Sunday, March 04, 2012

A death in the family

The news on Friday February 24 was a massive blow. One of our boys, 20 year old Nghia, was killed in a hit-and-run near his home in the countryside.

Nghia had been on his way home to collect some paperwork that he needed to open his second mobile phone shop in Hanoi. This is a young guy who had overcome major difficulties in life to become a real 'success story'. And here at Blue Dragon, he was greatly loved. The 100 or so people who packed into our drop-in centre the following Monday were a testament to that.

I was particularly close to Nghia; I was the person who first met him on the streets and helped him get back to his family. Over the years, we had a great friendship and could call on each other for anything. Right at the start of January, Nghia walked into our office wearing a jacket that was far too big for him. When I commented on what a nice jacket it was, he took it off and gave it to me. It fitted perfectly, so he insisted I keep it. Talk about "giving me the shirt off his back." That was typical Nghia. Everyone who knows him has a similar story.

Losing him so suddenly and so unexpectedly has been tough. Really tough. I still find myself wondering if maybe I'm confused; maybe it wasn't him after all. Maybe it's all just been a bad dream.

Through this past week, I have found myself deeply moved by the whole Blue Dragon family - the staff and kids alike. At times when I have had no solace to offer, no strength to share, I have felt a hand on my shoulder and looked up to see one of my team or one of our older kids, also with tears in their eyes, reaching out to support me. It's not supposed to be like this; I'm supposed to be the strong one leading Blue Dragon through a difficult time.

What a beautiful family I have, that they are strong for me when I am the weak one.

Over the weekend I had to move house, and found myself once again surrounded by my team, ready to pitch in without me even asking. People turned up to carry boxes and lift furniture - I have no idea what I would have done if they hadn't shown up. I don't even know who paid the truck that carried my stuff.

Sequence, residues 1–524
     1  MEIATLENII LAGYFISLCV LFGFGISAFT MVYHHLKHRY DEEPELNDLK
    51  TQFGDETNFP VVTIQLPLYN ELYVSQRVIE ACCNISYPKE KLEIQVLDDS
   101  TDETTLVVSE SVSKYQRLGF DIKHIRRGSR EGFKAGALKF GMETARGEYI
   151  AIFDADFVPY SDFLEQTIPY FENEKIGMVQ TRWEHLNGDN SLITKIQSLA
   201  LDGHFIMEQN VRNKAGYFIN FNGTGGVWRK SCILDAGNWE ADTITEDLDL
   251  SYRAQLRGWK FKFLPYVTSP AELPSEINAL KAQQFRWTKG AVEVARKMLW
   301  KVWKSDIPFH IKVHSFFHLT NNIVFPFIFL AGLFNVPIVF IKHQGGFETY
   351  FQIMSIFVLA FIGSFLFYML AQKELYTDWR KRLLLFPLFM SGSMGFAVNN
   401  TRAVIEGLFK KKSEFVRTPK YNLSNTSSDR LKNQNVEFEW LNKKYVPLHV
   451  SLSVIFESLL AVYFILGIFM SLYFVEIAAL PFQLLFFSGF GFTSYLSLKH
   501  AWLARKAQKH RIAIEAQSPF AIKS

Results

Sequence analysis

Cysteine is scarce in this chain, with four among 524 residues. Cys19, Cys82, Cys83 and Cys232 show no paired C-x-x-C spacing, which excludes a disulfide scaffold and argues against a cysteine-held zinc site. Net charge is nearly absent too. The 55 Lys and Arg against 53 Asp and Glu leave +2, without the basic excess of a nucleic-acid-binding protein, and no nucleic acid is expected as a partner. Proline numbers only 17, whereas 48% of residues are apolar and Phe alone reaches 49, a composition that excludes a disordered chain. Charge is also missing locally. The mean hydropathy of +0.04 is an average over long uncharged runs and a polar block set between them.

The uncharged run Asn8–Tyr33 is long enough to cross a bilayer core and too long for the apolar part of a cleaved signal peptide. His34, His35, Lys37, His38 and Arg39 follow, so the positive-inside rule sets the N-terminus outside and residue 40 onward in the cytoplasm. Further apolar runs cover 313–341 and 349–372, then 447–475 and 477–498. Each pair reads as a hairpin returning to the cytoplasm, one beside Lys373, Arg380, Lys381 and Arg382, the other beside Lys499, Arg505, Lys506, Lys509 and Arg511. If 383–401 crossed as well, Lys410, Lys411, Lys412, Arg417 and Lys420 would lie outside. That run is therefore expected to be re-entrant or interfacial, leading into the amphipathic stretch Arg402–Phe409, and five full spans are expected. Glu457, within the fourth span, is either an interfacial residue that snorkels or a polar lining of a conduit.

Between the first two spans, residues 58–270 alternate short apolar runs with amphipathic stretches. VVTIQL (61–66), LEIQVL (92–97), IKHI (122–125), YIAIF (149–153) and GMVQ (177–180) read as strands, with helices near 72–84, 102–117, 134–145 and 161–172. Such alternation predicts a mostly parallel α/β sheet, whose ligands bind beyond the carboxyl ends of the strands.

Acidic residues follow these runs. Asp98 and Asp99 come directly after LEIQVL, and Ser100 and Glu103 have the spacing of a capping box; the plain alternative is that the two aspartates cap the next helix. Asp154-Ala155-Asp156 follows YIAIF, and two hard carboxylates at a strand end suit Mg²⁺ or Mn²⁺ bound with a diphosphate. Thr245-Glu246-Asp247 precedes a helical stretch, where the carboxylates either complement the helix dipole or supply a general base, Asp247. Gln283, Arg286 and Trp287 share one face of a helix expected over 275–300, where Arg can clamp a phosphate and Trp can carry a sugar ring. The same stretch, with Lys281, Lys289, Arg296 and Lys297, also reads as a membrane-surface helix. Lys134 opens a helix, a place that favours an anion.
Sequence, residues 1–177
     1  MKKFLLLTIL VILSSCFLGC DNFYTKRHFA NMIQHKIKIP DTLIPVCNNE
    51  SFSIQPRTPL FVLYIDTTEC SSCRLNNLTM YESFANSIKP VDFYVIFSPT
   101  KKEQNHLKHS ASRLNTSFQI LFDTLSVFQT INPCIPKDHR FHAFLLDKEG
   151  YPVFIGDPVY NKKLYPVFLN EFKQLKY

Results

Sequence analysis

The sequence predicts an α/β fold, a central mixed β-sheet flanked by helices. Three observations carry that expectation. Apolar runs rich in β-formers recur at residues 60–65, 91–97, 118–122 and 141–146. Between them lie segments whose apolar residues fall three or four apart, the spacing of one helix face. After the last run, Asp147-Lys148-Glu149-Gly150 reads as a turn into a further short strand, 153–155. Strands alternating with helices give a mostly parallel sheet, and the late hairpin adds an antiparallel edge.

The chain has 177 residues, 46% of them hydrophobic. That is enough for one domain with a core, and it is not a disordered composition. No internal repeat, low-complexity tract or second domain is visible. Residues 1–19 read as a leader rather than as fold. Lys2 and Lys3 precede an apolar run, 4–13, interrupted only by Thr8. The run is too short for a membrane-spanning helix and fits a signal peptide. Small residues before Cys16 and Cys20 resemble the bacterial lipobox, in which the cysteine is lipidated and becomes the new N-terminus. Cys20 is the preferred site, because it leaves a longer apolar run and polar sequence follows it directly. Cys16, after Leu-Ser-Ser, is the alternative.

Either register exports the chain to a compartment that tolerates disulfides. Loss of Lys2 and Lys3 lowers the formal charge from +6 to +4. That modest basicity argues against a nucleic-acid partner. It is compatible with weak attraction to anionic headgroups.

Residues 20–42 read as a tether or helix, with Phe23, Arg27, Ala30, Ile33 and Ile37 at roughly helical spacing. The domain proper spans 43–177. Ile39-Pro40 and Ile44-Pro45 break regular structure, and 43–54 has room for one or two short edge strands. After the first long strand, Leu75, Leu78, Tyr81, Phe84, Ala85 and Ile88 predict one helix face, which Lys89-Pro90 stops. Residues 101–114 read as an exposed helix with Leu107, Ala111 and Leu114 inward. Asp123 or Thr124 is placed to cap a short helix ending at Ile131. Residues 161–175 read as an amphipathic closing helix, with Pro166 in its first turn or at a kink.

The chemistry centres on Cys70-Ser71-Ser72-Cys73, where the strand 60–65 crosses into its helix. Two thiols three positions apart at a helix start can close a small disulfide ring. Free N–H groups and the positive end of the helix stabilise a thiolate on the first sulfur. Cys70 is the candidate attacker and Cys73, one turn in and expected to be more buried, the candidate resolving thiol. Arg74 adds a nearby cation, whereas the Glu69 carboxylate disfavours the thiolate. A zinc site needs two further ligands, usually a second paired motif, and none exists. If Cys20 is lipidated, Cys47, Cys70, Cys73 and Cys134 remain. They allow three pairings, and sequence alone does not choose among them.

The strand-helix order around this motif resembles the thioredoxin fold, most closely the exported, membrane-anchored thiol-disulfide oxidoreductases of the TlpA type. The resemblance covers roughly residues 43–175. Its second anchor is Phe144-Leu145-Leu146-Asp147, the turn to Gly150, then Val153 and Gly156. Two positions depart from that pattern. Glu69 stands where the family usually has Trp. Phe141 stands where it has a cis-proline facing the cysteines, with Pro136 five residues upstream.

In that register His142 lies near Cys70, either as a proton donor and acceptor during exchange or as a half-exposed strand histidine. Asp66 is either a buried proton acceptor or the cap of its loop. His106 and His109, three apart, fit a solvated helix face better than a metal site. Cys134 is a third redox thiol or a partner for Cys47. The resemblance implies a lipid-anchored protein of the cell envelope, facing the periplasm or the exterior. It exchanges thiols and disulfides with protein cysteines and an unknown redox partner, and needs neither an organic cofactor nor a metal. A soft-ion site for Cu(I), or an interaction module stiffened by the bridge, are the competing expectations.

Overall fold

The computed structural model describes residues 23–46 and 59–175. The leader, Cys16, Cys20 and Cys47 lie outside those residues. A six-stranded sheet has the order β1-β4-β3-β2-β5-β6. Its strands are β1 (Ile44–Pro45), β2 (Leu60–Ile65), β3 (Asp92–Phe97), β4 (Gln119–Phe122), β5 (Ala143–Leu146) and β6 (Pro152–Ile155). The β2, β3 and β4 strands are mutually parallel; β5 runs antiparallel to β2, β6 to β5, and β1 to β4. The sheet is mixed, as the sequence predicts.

Against the backdrop of my own grief this past week, the extraordinary compassion of those around me has carried me through.

I know I need to be strong again, and I will. But I will never forget those who have helped me through. Thank you to all of you.


Anonymous said...

My heart goes out to you.

Nicole Bell said...

Hi Michael,

I am so sorry about your loss, my deepest sympathies to you and your "family", but I am not suprised by the level of support you have there. You have done an enourmously amazing thing and no wonder there are a lot of hands streached out for you to hold. It is just as you have supported them, they have supported you and you deserve it. I feel very fortunate having known you for when I did, to see the amazing generous person you have become. Keep up the good work.

Tabitha said...

This is such awful news. I'm so sorry to hear it.

Nghia's story has stayed with me ever since I first read about it here. Whenever I pass a mobile phone shop in Hanoi, I think about how for one person, a little shop like this can represent such an inspring and life-changing achievement.

This is an irredeemably tragic end to that story. My thoughts are with everyone at Blue Dragon.

Lien said...

I am so sad to hear the news. My sincere sympathy to the family.